This is quite a broad subject and a subject that depends a lot on personal preference, but what I hope to get out of this article is an idea of what I go for in a shoe that I’ll use for stalking. I’m quite picky with what I use for hunting. It’s interesting that shoes are often something that bowhunters overlook and yet it is something that’s so important. This article does not cover specialist shoes or boots for a specific bowhunting purpose (e.g. what shoes you should wear for a backpacking hunt in the Mackenzie Mountains), it’s more around what I’ve found to be silent and what I look for in a shoe that I’ll use for stalking.
Whether a shoe is a good stalking shoe or not is largely dependent on whether you can walk quietly in them or not. With a degree of concentration, you can walk quietly with MOST shoes, however it might pull your concentration off focusing on the animal that you’re stalking. I choose my bowhunting shoes very carefully and try to find the most quiet shoe that’s durable so that I don’t have to concentrate as much on keeping my steps quiet when I stalk.
To a certain extent, what the top of the shoe is made out of doesn’t make a big difference as long as it’s comfortable and durable. Here are two of the main things that I look for in stalking shoes that I use for bowhunting:
- Flat sole with as little grip as possible
- Soft sole (Not too thick and not too rigid/stiff. This is dependent on what/where you’re hunting.)
The best stalking shoes that I own are this pair of Buckskin boots, which are based on an African shoe called a Veldskoen. They’re excellent for arid climates that have a lot of thorns. Because of the thick leather, thorns don’t penetrate like they would a lot of artificial materials. Their biggest downfall is that the leather perished very quickly when they’re wet and therefore I don’t use them for hunting anywhere that there is a lot of water on the ground or where there are many rivers that you need to cross.
As you can see, the sole is almost totally flat, apart from some ridges for grip. There aren’t big griping points on the bottom of these shoes that displaces soil as you take a step. There is something about the design and the shape of these soles that causes them to be very quiet. From my observations, when I’ve worn shoes that have a lot of grip on the bottom it seems to displace soil, stones and sticks more than when there is a flat sole. Also, I’ve found that a flat sole doesn’t break sticks as quickly as a non-flat sole – it pushes them against the ground and because there are no high points on the sole that put pressure onto one part of the stick, it seems to not break them as often.
As I mentioned above, this is largely dependent on what/where you’re hunting. Obviously, if you’re hunting very mountainous conditions and stepping on sharp rocks, you may need a rigid sole to protect your feet. I look for the sole to have some give. This is important so that you can roll your feet and put them down carefully. When I’ve hunted where there is a lot of dead leaves on the ground that cover fallen branches/sticks I find a soft sole useful as you can displace your weight, when you can feel a stick under your foot, to avoid breaking the stick as you stalk. Whereas with a rigid sole you may not know you’re standing on a stick until it breaks.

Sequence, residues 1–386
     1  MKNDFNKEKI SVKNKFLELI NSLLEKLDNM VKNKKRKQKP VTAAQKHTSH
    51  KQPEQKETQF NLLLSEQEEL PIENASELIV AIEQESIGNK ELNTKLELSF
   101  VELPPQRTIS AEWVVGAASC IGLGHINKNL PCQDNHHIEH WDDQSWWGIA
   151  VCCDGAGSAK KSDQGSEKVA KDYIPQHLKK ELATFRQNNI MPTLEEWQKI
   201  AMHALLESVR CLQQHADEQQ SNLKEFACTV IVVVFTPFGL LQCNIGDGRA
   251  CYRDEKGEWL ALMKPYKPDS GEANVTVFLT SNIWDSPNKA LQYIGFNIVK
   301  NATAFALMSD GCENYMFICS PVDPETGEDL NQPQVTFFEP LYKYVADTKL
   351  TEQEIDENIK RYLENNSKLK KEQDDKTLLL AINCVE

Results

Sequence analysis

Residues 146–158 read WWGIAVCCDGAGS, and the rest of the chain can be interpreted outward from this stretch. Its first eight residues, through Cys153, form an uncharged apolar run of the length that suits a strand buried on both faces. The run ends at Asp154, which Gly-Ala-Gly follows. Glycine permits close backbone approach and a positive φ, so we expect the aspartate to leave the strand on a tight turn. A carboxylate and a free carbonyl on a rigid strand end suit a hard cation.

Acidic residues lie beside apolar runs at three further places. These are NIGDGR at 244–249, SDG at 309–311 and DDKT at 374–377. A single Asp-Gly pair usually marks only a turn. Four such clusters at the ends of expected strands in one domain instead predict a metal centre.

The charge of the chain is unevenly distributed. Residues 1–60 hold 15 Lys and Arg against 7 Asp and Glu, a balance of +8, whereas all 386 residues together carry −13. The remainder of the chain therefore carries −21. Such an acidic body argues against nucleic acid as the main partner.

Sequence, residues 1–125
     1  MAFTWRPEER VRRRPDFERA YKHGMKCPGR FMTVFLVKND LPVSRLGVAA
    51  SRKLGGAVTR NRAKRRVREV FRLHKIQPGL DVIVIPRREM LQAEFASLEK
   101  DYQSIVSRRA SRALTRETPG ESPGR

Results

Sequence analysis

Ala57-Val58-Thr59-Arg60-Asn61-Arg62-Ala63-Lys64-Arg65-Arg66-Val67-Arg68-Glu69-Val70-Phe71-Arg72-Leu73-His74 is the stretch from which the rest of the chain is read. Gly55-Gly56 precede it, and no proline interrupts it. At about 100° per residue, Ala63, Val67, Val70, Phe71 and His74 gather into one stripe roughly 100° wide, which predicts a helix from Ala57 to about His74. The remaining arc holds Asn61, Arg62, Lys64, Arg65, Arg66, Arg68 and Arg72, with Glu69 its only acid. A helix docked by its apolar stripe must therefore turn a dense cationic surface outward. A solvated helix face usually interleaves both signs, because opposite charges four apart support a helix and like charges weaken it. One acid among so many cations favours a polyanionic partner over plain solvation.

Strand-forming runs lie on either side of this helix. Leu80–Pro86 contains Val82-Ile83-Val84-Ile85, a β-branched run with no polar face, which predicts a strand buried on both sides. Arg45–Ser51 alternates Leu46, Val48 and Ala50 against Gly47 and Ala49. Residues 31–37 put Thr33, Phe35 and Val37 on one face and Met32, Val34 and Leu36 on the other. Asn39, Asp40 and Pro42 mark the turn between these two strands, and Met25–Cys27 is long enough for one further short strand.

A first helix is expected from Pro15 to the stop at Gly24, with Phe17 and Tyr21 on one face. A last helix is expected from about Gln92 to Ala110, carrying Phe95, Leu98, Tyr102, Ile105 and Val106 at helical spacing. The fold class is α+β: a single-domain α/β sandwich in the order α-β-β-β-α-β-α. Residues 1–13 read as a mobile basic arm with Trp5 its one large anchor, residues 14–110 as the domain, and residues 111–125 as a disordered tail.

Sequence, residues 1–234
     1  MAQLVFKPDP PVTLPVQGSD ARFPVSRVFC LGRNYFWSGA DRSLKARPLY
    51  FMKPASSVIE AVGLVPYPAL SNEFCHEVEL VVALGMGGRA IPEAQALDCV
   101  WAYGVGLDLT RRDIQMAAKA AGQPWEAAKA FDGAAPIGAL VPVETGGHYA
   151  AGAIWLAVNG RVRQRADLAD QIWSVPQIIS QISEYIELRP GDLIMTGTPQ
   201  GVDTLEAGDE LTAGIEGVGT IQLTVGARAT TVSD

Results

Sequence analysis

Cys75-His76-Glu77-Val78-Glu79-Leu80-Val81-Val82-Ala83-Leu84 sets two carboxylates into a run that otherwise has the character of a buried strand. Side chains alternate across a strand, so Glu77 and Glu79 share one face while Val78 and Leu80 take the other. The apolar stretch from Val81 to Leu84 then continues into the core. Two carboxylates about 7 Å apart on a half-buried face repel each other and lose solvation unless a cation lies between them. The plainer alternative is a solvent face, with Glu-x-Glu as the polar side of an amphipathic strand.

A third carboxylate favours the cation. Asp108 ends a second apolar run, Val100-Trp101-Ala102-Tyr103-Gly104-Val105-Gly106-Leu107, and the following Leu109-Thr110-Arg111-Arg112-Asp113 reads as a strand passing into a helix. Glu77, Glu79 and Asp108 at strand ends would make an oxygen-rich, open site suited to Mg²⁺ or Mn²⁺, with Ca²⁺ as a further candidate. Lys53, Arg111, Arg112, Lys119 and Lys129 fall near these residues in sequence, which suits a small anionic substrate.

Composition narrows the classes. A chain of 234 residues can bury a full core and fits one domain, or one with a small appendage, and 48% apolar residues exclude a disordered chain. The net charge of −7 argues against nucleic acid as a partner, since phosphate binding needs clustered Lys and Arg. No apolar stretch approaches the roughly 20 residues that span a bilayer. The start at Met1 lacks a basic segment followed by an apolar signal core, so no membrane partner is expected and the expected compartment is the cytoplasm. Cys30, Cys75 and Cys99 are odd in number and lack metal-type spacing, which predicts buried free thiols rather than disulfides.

Some of the types of shoes I use
Here’s a pair of Converse boots that I’ve used a lot for colder climates and where I’ve wanted a bit more of a rigid shoe. By “mountaineering” standards, these are still a very soft soled shoe that doesn’t offer much ankle support, but I’ve used them for cold weather and mountain hunting (e.g. Elk) with pretty good success. They’re reasonably flat on the bottom to still be quiet when you stalk, but not totally flat so that you slide around all over the place. The sole is reasonably soft as well. They’re insulated and the tongue is connected to the rest of the shoe past your ankle, meaning that they’re waterproof for creek crossings, etc.. which is important in colder climates.
Hunting Elk in Colorado.
This is a pair of Keen Coranados and is the type/design of shoes that I do most of my hunting in. They’re very flat and soft soled and I find them extremely quiet. Because there’s no leather, there’s no concern with getting them wet and they’re very light. I’ve tried a few of the “volley” type shoes including Converse and Dunlops, but found these to be the most comfortable for my feet as they’re a bit wider. They’re the closest shoe that I’ve found to my Buckskins, that can get wet and be worn wet. I’ve used this type of shoe for hunting in spring, summer and autumn time in Europe and also in Australia where I needed to be able to get my feet wet.
This is another shoe I’ve started using recently – the Merrell Barefoot Run Trail Glove. They very comfortable to wear wet and because they’re so snug fitting, they’re very quiet. Their sole is very soft and has minimal grip on it, I’ve found this makes them very quiet. I would wear these shoes on a hunt where the temperature is not too low and where you have potential of getting feet wet often (e.g. swamps, river crossings), but where there is no thorns. These are the type of shoe that would be great for hunting in Cape York, Australia. In my opinion, they would not work for Africa due to the thorns penetrating the sides of your feet.